RBI Sets Up Five Members Committee to Evaluate New Banking Licenses

The Reserve Bank of India (RBI) has established a five-member committee to analyze applications for universal banks and small finance banks, which will be led by former RBI Deputy Governor Shyamala Gopinath. The other members of the panel — Standing External Advisory Committee (SEAC) — include RBI Central Board Director Revathy Iyer, National Payments Corporation of India Chairman B Mahapatra, former Canara Bank Chairman T N Manoharan and former Pension Fund Regulatory and Development Authority Chairman Hemant Contractor.

“The Standing External Advisory Committee (SEAC) comprising eminent persons with experience in banking, financial sector and other relevant areas, will evaluate the applications thereafter. The tenure of this SEAC will be for three years,” the RBI said.

An internal working group of the RBI, last year, proposed an overhaul of the licensing policy for private banks and suggested allowing large corporate and industrial houses to float banks in India after suitable amendments to the Banking Regulation Act. Although several large corporate houses had applied for a banking licence in the past, the regulator had rejected these proposals.

However, the RBI has not yet approved or rejected the recommendations of the working group. Former RBI Governor Raghuram Rajan and ex-Deputy Governor Viral Acharya have criticised the proposal to allow corporate houses to float banking entities, saying it will lead to “connected lending” which, according to them, is “invariably disastrous”.

According to the guidelines on on-tap licensing of universal banks issued in August 2016, resident individuals and professionals having 10 years of experience in banking and finance at a senior level are also eligible to promote universal banks. However, large industrial houses are excluded as eligible entities but are permitted to invest in the banks up to 10 per cent.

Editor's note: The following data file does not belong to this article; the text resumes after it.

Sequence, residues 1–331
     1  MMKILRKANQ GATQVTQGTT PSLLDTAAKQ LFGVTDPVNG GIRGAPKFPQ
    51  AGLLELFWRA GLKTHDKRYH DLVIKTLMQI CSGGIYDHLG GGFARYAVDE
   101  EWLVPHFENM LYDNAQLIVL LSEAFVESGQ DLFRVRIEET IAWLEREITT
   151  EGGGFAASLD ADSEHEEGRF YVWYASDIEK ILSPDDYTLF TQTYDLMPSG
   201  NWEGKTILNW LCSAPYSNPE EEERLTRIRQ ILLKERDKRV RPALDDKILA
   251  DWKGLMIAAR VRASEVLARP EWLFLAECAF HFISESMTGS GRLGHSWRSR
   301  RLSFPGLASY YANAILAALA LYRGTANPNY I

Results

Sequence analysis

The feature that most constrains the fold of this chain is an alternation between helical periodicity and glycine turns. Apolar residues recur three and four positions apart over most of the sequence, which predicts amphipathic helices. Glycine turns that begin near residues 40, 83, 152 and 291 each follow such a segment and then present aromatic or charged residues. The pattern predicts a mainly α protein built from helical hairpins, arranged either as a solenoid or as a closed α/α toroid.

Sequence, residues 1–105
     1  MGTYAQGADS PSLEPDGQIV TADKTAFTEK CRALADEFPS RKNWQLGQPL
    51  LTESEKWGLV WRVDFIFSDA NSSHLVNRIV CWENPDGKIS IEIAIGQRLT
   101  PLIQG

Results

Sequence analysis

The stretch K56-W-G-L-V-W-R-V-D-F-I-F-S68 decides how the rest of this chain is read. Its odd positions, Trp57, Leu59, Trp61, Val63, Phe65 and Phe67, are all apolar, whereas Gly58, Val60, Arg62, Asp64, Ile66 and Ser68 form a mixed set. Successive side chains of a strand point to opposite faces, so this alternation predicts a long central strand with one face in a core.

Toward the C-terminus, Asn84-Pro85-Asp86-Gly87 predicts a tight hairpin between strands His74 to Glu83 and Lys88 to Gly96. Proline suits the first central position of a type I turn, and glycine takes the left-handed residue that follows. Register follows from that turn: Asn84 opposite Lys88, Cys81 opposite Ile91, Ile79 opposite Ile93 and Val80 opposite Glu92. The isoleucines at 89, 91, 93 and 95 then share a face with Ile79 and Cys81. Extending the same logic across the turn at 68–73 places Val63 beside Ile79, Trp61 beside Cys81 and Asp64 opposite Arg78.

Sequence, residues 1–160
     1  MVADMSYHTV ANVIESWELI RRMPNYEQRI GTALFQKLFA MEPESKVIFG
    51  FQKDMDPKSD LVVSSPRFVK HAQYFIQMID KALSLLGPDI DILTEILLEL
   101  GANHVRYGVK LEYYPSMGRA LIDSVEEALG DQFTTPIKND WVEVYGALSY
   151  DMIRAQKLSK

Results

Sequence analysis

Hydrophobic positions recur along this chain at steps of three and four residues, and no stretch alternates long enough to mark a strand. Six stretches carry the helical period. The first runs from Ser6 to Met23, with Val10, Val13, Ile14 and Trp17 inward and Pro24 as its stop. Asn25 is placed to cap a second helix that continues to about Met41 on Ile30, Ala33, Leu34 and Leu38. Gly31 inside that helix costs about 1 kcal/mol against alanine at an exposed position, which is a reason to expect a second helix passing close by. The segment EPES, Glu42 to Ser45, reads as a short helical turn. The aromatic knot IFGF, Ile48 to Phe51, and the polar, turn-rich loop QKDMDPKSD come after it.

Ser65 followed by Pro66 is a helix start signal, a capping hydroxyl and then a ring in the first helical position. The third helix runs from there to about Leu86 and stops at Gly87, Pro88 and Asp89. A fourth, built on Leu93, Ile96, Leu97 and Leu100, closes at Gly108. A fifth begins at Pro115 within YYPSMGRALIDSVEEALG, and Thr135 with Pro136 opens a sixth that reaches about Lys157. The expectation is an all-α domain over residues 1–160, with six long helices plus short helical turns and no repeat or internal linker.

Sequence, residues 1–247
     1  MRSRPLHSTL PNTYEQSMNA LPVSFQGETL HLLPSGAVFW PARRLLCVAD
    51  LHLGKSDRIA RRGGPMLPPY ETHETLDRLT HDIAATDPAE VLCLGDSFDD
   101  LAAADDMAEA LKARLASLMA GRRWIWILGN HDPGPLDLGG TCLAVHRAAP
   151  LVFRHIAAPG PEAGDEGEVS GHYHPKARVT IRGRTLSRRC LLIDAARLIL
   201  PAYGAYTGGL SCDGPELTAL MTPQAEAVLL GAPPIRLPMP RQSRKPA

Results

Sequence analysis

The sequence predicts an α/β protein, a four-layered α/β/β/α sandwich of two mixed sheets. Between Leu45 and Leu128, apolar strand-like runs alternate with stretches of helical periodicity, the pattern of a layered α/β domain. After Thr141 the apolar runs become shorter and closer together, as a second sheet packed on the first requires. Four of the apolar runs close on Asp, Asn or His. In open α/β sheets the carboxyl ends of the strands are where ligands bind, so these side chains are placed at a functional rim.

A non-operative financial holding company (NOFHC) has been made non-mandatory in case of promoters being individuals or standalone promoting/converting entities who/which do not have other group entities. Not less than 51 per cent of total paid-up equity capital of the NOFHC should be owned by the promoter/ promoter group, instead being wholly owned by the promoter group. The RBI guidelines say existing specialised activities have been permitted to be continued from a separate entity proposed to be held under the NOFHC subject to prior approval from the RBI and subject to it being ensured that similar activities are not conducted through the bank as well. The initial minimum paid-up voting equity capital for a bank will Rs 500 crore. Thereafter, the bank should have a minimum net worth of Rs 500 crore at all times.

The promoters or the NOFHC should hold a minimum of 40 per cent of the paid-up voting equity capital of the bank, which should be locked-in for five years from the date of commencement of business of the bank. The promoter group shareholding shall be brought down to 15 per cent within a period of 15 years from the date of commencement of business of the bank.

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